Speaking of your local cheese shop, your best starting place is to find a grocery store with a solid selection, if not a cheese shop itself. Look in your yellow pages for cheese shops, or find a market like Whole Foods or other upscale grocer. Most likely they will have a cheese expert, somewhat oddly known as a “cheesemonger,” or at least knowledgeable staff. Don’t be afraid to approach these people and ask questions.

They will have good suggestions and quite likely will be willing to provide samples. Maybe you are interested in trying a hard cheese made from sheep’s milk, or a sharp goat’s milk cheese. Don’t forget to mention what kind of beer you are interested in pairing as they might have suggestions for that too.

Some Pairing Examples:
These pairings are only a beginning. Use them to start pairing beer with cheese or to inspire your own ideas.
Having a party with beer and cheese
• Hefeweizen and French Sheep’s milk Feta.
• Helles or Maibock with Portuguese Chevre (goat’s milk cheese).
• Pilsner with Monterey Jack or mellow white Cheddar.
• Brown Ale with Gouda or Colby.
• Barleywine or English Old Ale with Gorgonzola, Stilton, Roquefort or other blue cheese.
• Belgian Strong Golden (ex: Duvel, Lucifer, Pranqster, Affligem Blond) can also be paired with blue cheese (see above for types).
• Belgian Dubbel (ex: Chimay Red, Westmalle, Koningshoeven, Ommegang Abbey) with Camembert (unpasteurized cow’s milk).
• Pale ale with Provolone or Asiago.
• IPA with sharp Cheddar or aged Parmesan.
• Bock or Oktoberfest with Gruyére or Swiss.
• Smoked Porter or Rauchbier with Pepper Jack or some cheese with a little heat (ex: jalapeno).
• ESB or Scotch Ale with Havarti (Danish cow’s milk cheese).
• Saison, Farmhouse Ale, or Biere de Garde with rich French Brie.

A Nice Pair
Once you have either your beer or your cheese, it is time to pair them up. There are a couple different ways to go about this.

South Shore Stout and Cahill's Irish POrter Cheddar

First, you want to match the intensity of the cheese with the intensity of the beer. You would not want to pair a chocolaty, roasty, somewhat boozy, barrel-aged Imperial Stout with a mild Swiss. The beer would overwhelm the cheese and make it difficult to appreciate the Swiss. Perhaps a better beer for that cheese would be a refreshing Helles, Kolsch, Cream Ale, or Pilsner, matching mild with mild. For the Imperial Stout you might try a somewhat stinky Blue cheese.

Avec Les Bons Voex Dupont (farmhouse/Saison) and Bucheron Chevre

Next, consider looking for complimentary flavors. Many cheese and beer types share similar flavors. A Brown ale can have a nutty component not unlike Gouda. A Belgian Dubbel might share earthy flavors with a soft-ripened Brie. Look up a flavor chart for different cheeses and find terms that you can relate to beers with which you are familiar.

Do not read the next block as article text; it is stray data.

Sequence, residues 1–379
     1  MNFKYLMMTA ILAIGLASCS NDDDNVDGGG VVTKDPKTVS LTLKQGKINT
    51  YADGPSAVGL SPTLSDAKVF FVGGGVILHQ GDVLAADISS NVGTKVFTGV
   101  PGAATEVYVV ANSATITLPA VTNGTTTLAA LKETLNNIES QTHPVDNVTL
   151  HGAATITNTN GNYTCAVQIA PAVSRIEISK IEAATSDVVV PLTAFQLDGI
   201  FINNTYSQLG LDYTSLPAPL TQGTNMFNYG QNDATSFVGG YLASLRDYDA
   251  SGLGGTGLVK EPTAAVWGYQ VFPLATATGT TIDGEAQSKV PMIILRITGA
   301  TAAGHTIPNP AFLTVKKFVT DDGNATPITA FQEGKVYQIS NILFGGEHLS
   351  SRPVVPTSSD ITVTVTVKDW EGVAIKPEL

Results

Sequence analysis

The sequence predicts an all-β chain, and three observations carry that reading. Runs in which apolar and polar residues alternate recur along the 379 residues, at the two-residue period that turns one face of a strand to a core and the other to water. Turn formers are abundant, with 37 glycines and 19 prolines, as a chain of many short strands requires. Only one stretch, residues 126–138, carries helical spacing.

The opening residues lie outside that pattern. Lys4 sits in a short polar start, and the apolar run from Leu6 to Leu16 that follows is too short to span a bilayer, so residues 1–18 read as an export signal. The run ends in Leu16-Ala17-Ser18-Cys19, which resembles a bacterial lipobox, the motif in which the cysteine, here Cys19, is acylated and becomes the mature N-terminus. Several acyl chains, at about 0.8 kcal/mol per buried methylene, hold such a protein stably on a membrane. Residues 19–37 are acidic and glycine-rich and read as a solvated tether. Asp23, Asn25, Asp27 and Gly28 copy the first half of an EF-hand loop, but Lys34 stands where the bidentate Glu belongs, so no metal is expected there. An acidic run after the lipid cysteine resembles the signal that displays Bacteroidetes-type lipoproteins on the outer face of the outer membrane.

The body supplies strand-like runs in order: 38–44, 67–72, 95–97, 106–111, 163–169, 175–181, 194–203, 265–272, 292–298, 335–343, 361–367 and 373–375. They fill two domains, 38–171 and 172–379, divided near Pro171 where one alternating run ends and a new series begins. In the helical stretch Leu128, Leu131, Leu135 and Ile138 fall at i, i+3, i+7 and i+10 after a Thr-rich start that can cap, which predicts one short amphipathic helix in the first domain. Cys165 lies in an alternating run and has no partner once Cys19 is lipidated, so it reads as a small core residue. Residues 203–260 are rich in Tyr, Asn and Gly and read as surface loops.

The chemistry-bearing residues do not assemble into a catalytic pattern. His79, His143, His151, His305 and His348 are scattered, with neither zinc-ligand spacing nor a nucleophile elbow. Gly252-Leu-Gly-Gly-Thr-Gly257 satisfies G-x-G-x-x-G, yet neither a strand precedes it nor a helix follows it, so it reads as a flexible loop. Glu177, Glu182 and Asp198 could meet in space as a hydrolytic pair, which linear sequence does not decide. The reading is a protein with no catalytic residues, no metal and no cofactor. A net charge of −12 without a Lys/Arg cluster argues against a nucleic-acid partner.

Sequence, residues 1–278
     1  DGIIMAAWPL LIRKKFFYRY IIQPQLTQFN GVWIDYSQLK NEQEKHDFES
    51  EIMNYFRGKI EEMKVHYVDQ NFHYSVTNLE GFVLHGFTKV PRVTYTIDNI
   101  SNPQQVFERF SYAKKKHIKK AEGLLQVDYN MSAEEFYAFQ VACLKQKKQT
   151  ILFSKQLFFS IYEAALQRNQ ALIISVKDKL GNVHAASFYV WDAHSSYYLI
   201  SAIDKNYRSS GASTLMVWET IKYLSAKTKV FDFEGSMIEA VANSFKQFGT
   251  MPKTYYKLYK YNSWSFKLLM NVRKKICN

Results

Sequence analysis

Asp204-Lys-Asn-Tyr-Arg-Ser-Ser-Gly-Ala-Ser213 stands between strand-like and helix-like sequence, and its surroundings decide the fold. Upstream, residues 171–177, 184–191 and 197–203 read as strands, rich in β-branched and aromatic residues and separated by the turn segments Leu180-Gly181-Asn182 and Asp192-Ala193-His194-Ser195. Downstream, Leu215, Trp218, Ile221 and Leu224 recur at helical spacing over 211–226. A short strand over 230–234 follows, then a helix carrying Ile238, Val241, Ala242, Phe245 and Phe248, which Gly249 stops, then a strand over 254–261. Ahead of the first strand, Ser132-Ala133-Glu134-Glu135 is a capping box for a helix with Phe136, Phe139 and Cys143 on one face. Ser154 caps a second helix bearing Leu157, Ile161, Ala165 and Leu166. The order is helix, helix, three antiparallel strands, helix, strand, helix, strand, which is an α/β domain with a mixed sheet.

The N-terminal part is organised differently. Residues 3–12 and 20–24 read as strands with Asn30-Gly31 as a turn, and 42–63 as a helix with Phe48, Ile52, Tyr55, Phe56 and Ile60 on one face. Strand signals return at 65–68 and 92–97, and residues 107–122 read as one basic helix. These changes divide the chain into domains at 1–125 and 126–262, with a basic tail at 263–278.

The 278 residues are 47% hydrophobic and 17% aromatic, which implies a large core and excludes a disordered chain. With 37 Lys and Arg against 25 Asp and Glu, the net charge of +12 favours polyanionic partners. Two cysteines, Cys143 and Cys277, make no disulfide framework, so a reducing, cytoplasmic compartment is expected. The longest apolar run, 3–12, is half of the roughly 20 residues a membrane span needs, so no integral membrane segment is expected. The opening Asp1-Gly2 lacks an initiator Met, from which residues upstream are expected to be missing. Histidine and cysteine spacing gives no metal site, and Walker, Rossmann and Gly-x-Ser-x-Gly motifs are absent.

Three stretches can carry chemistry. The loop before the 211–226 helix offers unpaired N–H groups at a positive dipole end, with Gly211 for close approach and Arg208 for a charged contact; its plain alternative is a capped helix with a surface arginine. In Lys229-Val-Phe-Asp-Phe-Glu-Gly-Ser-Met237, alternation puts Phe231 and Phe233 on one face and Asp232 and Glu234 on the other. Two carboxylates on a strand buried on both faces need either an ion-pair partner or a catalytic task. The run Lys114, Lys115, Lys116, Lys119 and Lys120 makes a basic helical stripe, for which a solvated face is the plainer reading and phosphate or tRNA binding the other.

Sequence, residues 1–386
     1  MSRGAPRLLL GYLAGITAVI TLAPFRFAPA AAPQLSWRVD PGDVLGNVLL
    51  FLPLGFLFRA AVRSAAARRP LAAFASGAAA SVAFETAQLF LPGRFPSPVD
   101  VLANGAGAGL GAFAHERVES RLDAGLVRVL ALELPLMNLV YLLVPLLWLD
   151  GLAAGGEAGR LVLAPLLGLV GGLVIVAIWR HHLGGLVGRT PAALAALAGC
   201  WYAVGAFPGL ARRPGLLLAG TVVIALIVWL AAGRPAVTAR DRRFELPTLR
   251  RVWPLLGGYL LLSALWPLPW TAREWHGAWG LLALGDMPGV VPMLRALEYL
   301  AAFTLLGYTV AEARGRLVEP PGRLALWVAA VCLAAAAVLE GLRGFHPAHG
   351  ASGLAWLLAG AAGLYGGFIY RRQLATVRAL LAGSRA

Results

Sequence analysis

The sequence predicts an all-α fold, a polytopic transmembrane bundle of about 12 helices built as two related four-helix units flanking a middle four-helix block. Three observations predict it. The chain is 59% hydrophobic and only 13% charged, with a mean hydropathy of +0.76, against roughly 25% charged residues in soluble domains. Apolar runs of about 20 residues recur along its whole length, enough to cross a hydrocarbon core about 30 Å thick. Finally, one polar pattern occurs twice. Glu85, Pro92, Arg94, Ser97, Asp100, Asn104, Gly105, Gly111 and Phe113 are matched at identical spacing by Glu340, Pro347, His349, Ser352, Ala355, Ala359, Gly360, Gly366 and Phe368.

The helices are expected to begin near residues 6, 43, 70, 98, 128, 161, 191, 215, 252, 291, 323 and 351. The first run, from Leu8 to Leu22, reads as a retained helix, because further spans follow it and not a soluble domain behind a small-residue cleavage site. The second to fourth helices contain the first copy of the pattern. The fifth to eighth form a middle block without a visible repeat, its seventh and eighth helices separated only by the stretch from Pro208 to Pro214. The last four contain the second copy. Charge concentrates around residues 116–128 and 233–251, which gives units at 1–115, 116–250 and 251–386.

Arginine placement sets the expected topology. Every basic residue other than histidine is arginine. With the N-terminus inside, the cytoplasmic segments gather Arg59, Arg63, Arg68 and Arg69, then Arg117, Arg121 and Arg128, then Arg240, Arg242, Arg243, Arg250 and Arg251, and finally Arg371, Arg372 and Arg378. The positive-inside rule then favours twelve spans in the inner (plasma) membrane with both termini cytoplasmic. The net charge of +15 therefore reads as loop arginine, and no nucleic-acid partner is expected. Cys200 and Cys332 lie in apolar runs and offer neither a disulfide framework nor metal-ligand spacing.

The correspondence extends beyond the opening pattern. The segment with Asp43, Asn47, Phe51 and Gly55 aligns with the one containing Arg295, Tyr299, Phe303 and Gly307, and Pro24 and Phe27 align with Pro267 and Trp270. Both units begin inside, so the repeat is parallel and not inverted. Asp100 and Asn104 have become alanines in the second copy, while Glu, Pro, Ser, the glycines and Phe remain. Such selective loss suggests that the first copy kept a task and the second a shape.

FishTale Organic Pale Ale with Aged Provolone

If you’re feeling cheeky and you don’t want to find similar flavors, you can look for contrasting ones. This is where you can get creative, and while you might occasionally strike out, these are also the pairings that can be the best of the night. Inspired by a Jalapeno Rauchbier (smoked beer) I once made, I paired Alaskan Smoked Porter with a habanero cheese. It turned out the cheese had too much heat for the beer, but the idea was good and you can hopefully see my point. Smoke flavor plus a little heat from peppers can combine for a nice mix, not unlike how sweet flavors and pepper heat are an enjoyable contrast when
put together.

Bells Hopslam and English Cheddar

Perhaps another example of using contrasting flavors would be to use a cow’s milk cheese that has creamy, smooth flavors and pair it with a fruity beer, like a Hefeweizen or Belgian Trippel. The two individual flavors combined might make you think of a fruity ice cream.

Full Sail Amber and


Trust your palette. if a pairing works for you, then it works.

Pyramid Hefeweizen and Sheeps Milk Feta

Experiment. Sometimes the craziest ideas are the best, or at least the most memorable. Many wonderful flavor combinations were discovered by experiment or accident.

Rogue Shakespeare Stout with Fourme D'Ambert Bleu

Don’t be intimidated. You don’t have to know much about cheese to get started and you probably already know a little about beer. Head to the cheese shop and don’t be afraid to ask questions. All you need to know is what kind of beer you have and they can help with the rest.

Chimay Red (Belgian Tripel) with Mt. Tam Triple Cream

Plan a party. Invite some friends and ask each to bring a thoughtful beer and cheese pairing. You will enjoy the variety and creativity on your table.

Ommegang Hennepin (Saison) and Hooligan Cato Corner Farm cheese

Seek and you shall find. Look for the pairings that together create something more interesting than their individual parts. When that happens, it’s sublime, and all of your research is well rewarded.

Vai-Dieu Belgium with Roquete

About the Author

Publisher. Editor. Janitor.

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  1. Herb

    Great article.
    I look forward to more ways to enjoy your magazine and more beer. Not necessarily in that order.


  2. doubleipa

    Looks like the research for this article was a lot of fun!